|کد مقاله||کد نشریه||سال انتشار||مقاله انگلیسی||ترجمه فارسی||نسخه تمام متن|
|5787180||1641114||2017||10 صفحه PDF||سفارش دهید||دانلود رایگان|
- Linear features in an image can be enhanced using simple matrix-matrix convolution operations known as directional filtering.
- Application of directional filters on a stack or its coherency image respectively approves horizon and fault mappability.
- Co-rendering of the filtered stack and its coherency image improves understanding of the fault-horizon interactions in the sub-basalt domain.
In complex geological settings, post-stack image processing aids geological interpretation. This case study shows how directional filtering, which is a spatial convolution that focuses energy along a pre-determined direction, can be used for post-stack processing. Application of coherency filtering can improve the mappability of both horizon and fault when applied in the following manner. One or more Region of Interest (ROI) are identified in the stack image and isolated for processing. Within a ROI, the directional filter is applied along the dominant horizon dip. For each ROI the coherency attribute, which provides an image of the discontinuities (e.g. faults), is also generated. The directional filtering is applied to the coherency image along the dominant dip of the faults/fractures. Finally, for each ROI, the filtered coherency image and the filtered stack are co-rendered. The co-rendered image can be merged with the unprocessed stack for a more complete interpretation of the geology. This simple yet intuitive workflow can greatly aid geological interpretation. Here, direction filtering is demonstrated on sub-basalt stratigraphy using a 2D profile from the Faroe-Shetland Basin but the methodology is applicable to any setting.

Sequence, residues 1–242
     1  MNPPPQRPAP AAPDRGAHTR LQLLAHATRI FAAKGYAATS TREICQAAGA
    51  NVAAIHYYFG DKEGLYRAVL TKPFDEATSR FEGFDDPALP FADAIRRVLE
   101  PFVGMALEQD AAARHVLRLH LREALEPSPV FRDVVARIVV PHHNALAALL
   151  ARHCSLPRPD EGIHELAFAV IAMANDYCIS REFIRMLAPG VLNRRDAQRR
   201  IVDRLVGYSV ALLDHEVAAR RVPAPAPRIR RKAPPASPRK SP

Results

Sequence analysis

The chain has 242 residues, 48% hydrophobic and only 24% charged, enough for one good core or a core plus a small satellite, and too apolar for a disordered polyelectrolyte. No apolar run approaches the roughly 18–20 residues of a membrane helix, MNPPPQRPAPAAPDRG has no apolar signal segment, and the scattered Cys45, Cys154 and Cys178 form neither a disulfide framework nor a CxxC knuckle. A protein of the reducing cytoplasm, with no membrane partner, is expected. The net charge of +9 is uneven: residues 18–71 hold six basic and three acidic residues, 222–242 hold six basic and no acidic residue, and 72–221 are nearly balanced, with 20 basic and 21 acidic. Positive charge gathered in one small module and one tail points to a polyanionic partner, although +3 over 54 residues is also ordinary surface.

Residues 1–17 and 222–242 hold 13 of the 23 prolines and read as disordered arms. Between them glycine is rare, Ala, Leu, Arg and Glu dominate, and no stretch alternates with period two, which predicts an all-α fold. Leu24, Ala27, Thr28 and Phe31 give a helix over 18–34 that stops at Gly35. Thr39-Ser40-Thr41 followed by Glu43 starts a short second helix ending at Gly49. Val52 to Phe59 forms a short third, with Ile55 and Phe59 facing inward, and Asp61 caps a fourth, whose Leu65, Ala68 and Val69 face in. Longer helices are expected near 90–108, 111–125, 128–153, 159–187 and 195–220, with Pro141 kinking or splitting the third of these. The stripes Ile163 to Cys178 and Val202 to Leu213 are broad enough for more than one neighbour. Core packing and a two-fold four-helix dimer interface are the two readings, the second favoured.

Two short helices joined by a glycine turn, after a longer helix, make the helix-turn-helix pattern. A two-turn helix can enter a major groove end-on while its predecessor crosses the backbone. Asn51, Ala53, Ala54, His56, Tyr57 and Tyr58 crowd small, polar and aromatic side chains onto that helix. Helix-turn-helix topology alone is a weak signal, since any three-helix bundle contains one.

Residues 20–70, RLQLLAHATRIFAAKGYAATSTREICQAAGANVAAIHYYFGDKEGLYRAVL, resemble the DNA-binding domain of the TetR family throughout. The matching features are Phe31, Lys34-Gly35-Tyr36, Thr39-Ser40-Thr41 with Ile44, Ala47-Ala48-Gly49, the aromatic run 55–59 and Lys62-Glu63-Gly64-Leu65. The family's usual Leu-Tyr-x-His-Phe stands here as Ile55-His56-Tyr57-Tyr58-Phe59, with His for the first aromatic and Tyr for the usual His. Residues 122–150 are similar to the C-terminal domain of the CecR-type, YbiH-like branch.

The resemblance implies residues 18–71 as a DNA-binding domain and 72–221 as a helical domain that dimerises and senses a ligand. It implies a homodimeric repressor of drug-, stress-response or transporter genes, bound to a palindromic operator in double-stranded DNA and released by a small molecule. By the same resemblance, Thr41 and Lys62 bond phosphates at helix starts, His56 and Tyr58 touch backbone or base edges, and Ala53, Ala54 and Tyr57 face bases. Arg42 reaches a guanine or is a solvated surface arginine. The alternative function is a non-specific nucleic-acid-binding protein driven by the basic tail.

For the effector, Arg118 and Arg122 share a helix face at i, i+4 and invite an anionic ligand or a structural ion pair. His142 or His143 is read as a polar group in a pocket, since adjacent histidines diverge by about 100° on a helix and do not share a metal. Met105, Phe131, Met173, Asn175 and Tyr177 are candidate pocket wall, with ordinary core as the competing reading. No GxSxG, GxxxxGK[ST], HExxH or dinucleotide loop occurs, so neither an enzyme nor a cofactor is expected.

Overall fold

Journal: Journal of Applied Geophysics - Volume 137, February 2017, Pages 82-91